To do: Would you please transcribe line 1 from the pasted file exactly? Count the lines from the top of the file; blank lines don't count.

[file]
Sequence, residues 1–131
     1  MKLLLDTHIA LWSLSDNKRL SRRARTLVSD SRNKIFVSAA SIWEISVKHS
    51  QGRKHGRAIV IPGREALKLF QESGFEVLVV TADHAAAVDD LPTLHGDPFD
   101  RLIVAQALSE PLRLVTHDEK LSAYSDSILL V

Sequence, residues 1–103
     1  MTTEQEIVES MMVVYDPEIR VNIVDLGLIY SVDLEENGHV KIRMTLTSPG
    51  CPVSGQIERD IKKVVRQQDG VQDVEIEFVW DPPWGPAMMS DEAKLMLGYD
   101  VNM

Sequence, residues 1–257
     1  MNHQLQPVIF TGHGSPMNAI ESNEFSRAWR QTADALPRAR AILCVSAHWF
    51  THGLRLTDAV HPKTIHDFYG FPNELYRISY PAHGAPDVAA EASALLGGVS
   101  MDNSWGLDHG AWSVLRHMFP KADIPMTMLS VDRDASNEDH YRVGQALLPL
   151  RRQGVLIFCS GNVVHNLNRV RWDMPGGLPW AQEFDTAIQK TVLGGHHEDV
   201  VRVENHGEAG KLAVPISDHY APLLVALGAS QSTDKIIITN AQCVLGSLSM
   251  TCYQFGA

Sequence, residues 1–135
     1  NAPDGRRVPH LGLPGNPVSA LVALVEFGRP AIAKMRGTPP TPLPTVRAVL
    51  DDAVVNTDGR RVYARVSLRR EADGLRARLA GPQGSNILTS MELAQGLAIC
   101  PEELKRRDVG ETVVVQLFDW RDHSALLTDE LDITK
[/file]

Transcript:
Sequence, residues 1–131